Now, the name “Botucatu” is pronounced just like it’s spelled, which doesn’t help at all when you’re trying to tell someone where you’re going and you don’t a printed copy to refer to. B-O-T-U-C-A-T-U. Brazilians admit to getting tongue-twisted by the name, which I was told is an Indian word that means “good air.” I was told that by just about everybody who caught wind of our visit to Botucatu to the point where I stopped believing it myself. Anything that widely repeated can’t possibly be true.
In any case, to underscore the unusual nature of my request to fly out to Botucatu, my demo pilot/taxi driver/informal jet instructor in the 100 that day, Capt. Eloy Bayer, when told of our destination very innocently and politely asked, “Why are we going there?” Not like it was a bad place, just a place he couldn’t understand choosing to spend a good chunk of a day to visit.
“To see the Ipanema!” I fibbed. I just wanted to go flying. He listened and nodded politely, but you could tell he was taking the idea under consideration.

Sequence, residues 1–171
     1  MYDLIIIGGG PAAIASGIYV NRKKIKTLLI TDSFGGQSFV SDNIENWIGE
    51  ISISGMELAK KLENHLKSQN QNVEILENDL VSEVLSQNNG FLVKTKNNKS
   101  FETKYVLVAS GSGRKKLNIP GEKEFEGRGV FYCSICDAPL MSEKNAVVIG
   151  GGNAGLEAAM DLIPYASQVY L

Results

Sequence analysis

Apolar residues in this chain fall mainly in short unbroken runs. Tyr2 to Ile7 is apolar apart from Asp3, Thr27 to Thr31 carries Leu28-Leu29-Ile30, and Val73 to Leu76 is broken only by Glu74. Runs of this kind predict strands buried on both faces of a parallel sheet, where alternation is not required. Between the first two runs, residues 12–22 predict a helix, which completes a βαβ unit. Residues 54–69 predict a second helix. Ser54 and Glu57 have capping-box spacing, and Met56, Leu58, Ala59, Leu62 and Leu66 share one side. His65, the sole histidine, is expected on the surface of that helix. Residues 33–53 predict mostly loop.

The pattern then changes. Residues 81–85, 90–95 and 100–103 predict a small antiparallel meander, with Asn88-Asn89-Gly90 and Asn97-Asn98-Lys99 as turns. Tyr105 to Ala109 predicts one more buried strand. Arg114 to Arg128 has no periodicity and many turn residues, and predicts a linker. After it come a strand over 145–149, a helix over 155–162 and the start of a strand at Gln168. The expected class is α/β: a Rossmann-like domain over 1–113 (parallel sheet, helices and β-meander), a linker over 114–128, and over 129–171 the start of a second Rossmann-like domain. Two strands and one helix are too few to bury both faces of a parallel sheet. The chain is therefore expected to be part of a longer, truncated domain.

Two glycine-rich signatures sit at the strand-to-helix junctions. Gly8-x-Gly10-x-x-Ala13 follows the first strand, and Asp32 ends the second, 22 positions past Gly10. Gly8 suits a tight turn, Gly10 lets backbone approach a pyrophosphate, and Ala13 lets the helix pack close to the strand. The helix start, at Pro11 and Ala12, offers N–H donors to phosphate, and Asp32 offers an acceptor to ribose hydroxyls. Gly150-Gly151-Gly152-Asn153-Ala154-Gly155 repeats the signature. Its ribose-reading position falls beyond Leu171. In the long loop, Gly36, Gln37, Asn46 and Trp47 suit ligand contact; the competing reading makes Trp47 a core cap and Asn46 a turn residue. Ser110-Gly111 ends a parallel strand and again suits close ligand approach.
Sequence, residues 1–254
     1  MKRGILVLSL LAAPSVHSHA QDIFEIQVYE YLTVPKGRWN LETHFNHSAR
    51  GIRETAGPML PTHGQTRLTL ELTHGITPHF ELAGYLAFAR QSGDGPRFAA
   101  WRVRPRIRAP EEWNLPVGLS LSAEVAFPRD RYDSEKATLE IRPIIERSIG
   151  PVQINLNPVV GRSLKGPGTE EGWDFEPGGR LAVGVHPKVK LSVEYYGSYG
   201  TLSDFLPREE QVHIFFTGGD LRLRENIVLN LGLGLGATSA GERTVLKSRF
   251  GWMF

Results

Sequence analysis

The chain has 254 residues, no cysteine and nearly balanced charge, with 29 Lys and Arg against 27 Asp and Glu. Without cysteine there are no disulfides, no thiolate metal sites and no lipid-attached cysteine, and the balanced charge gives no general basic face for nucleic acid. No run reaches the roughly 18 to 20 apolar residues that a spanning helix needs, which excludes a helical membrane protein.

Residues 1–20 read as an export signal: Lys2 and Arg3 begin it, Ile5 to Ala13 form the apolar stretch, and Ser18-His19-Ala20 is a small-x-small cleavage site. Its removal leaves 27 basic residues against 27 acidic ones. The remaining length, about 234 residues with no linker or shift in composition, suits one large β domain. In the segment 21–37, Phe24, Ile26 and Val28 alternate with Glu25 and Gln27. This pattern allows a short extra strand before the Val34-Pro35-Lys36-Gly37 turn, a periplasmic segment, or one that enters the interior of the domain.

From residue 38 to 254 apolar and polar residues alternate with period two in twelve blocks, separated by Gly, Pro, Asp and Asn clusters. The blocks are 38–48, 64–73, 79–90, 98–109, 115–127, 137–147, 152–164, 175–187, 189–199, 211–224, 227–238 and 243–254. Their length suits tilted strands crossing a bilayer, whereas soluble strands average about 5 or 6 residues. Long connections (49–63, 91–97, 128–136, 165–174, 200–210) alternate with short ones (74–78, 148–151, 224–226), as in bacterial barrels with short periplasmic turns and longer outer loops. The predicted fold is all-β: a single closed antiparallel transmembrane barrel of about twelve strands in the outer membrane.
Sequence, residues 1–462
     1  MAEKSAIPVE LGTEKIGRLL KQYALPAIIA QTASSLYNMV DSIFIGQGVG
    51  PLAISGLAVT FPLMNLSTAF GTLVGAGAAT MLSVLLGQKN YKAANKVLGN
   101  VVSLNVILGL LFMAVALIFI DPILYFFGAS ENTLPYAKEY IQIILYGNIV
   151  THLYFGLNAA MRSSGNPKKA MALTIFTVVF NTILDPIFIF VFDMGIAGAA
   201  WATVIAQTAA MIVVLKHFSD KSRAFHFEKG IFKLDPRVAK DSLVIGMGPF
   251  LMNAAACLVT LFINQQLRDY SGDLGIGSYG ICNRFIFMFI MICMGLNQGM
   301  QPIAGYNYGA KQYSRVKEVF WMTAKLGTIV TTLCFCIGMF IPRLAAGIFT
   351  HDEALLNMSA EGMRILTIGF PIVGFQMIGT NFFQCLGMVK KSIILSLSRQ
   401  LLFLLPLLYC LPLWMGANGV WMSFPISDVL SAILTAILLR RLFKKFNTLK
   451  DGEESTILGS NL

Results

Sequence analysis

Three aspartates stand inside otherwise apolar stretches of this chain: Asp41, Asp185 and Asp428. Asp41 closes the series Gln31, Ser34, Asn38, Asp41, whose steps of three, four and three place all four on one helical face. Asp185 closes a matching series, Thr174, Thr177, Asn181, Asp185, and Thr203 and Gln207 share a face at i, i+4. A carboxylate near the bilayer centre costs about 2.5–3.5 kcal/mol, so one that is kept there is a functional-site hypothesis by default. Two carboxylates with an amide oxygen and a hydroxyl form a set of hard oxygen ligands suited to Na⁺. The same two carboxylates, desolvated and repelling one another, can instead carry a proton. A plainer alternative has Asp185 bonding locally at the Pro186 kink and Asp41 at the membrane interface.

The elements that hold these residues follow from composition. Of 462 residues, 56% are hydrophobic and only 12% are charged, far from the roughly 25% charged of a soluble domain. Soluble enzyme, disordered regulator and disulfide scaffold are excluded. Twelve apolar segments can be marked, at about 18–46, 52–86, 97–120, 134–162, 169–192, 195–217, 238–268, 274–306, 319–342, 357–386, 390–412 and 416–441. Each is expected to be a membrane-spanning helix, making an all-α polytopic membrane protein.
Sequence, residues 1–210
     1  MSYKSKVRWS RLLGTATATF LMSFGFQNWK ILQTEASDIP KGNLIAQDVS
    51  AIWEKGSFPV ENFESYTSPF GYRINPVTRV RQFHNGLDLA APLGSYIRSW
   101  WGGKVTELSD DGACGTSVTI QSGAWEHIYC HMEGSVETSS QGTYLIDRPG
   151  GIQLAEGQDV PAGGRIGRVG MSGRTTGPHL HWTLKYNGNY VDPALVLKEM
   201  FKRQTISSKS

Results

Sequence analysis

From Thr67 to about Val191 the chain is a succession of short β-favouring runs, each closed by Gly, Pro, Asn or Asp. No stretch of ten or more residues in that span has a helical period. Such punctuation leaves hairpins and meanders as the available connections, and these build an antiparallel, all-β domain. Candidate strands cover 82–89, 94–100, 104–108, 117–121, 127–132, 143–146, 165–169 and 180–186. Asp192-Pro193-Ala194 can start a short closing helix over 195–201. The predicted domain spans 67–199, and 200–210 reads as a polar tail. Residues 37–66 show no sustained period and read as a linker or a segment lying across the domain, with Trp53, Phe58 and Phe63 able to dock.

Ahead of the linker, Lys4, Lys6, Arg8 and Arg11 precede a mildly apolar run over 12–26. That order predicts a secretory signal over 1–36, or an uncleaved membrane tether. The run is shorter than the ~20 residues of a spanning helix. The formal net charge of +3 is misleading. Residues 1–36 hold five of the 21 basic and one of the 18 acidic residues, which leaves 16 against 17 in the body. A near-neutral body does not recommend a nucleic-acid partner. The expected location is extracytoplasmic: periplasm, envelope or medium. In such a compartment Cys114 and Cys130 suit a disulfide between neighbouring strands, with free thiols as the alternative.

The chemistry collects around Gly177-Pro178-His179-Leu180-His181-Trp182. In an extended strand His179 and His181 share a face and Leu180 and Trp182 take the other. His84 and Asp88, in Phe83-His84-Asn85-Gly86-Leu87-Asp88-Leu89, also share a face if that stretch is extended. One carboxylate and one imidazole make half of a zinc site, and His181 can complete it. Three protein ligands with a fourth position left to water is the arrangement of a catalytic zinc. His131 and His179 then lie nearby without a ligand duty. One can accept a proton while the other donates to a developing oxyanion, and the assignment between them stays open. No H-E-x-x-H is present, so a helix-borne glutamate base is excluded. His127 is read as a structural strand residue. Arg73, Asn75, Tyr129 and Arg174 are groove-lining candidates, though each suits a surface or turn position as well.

My trip to Botucatu was my first experience flying in Brazil, and I quickly learned that aviation there is an unusual mix of cultures, climates and unfamiliar regulations. Above 20,000 feet, everybody speaks pretty good English. Below 10,000 feet, the supposed universal language of aviation seems unknown. Furthermore, there are rules to flying in Brazil I have yet to fathom, for example, about when and why you set the altimeter and what you set it to. I was grateful that Eloy seemed to understand what to do. When I asked what the procedures were, he politely started to explain before realizing how unlikely his explanation was sounding. After a bit, he explained that ATC will tell you when to switch and what to set, and he left it at that. It was a perfectly reasonable response to someone who sometimes asks too many questions.